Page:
Altman Z-score is a financial model to predict the likelihood business failure in a company and created by Edward I. Altman in 1968. Altman developed a z-score model using ratios as its foundation. The purpose of the Z-score model is to measure a company's financial health and predict the probability of failure up to 2-3 years in advance by using a weighting system combined with four or five financial ratios. Altman created three different Z-score models which is original Z-score model, model "A" z-score and model "B" z-score.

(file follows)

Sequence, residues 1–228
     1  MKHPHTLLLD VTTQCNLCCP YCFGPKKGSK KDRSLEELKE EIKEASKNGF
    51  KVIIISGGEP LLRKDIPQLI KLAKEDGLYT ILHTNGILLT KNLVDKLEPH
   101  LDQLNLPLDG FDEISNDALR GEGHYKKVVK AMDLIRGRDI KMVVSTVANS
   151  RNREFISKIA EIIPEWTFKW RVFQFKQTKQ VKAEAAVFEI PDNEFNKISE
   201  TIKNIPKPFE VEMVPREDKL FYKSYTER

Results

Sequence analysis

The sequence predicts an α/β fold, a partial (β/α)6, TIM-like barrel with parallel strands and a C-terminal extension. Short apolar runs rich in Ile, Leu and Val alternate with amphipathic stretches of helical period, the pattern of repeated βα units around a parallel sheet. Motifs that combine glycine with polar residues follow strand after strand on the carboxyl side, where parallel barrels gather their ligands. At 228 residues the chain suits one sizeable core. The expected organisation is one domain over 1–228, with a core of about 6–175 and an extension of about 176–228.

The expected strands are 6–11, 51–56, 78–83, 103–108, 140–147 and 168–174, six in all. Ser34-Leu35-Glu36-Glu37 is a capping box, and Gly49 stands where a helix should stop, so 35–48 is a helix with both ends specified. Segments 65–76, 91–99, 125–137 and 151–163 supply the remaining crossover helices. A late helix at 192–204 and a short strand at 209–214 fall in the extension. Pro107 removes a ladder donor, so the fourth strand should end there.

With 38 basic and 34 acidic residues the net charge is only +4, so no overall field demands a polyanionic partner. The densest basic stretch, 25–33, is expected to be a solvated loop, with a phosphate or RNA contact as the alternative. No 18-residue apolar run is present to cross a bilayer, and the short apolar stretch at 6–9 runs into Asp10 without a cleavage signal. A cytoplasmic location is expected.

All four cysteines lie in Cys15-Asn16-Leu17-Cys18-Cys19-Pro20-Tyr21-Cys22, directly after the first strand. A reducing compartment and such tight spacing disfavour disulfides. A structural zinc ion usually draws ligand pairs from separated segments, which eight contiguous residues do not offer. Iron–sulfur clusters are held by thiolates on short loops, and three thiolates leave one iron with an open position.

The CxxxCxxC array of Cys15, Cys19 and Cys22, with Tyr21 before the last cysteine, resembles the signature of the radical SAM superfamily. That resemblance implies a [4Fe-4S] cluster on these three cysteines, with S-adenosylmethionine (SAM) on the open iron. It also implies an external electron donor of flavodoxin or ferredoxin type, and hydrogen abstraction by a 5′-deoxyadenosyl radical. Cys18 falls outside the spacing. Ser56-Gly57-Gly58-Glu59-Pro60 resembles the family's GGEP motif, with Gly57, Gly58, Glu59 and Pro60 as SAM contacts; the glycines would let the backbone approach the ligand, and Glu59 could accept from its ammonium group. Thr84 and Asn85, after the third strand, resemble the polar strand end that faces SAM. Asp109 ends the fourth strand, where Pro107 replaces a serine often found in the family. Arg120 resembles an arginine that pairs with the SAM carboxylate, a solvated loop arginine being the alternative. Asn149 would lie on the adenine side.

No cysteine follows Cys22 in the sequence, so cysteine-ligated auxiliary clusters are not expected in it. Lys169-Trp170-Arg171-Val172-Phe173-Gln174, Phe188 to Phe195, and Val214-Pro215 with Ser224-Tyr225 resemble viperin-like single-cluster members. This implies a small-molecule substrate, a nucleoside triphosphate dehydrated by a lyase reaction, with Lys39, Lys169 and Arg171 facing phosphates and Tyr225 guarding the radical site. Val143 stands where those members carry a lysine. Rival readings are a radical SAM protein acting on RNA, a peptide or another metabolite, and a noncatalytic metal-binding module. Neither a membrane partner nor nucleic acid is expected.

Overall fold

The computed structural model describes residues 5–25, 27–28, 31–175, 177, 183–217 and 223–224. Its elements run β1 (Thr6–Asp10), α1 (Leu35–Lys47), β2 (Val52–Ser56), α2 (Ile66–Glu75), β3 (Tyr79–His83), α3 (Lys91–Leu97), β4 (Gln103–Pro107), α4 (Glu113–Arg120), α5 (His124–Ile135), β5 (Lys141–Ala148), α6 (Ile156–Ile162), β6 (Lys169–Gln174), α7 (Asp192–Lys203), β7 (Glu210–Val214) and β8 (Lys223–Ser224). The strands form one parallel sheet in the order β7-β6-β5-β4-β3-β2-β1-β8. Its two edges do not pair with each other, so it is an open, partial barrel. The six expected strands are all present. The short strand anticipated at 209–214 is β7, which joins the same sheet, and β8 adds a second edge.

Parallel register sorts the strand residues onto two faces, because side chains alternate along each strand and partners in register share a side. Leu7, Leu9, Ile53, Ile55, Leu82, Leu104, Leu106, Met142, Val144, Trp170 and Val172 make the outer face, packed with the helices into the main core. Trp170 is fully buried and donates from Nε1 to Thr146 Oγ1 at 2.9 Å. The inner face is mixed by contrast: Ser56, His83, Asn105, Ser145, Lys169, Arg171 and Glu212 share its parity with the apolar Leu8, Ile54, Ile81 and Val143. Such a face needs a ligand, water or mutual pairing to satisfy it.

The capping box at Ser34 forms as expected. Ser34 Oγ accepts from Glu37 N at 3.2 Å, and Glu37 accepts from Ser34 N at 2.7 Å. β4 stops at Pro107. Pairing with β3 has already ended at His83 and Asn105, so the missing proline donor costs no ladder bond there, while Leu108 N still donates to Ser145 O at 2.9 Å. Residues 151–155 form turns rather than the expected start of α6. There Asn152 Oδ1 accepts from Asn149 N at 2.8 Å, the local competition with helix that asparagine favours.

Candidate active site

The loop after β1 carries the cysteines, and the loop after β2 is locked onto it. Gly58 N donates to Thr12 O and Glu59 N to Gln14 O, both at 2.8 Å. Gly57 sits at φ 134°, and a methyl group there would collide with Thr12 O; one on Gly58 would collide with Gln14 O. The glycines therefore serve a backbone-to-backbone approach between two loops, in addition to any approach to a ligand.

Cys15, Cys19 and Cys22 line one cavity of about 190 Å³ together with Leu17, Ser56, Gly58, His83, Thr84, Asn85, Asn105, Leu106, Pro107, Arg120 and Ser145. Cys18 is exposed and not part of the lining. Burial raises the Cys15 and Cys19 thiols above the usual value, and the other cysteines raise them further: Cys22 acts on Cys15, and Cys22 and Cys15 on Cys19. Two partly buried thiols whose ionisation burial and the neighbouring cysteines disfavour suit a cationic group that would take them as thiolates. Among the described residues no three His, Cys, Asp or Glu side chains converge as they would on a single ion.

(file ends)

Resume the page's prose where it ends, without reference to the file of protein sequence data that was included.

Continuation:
The original Z-score model was developed in 1968. This predictor is a statistical data from public manufacturing that combines with five financial ratios with the opinion that ratios measuring profitability, liquidity and insolvency of the company. First ratio is working capital/total assets (X1). This financial ratio is determine the ability of company to cover its short term financial obligation. Altman's research founds this ratio to be more helpful than other liquidity ratios. Second ratio is retained earning/total assets (X2) measure the ability of company to accumulate earnings by using its assets. The lower the ratio, the more a company is funding assets by borrowing instead of through retained earning which increase the risk of bankruptcy if the firm cannot meet its debt obligations. Next, earning before interest and taxes/total assets (X3) is one of the ratio. This ratio estimates that cash supply available for allocation to creditors, the government, and shareholders. Altman classifies the ratio that measure the profitability better than cash flow. The fourth ratio is market value of equity/book value of total debt (X4). This ratio shows how much a company's market value could decline before liabilities exceeded assets. Unlike the other ratio components used by Z-score, market value is not based purely on fundamentals. Generally speaking, the higher the market capitalization, the higher the firm can survive going forward. The...
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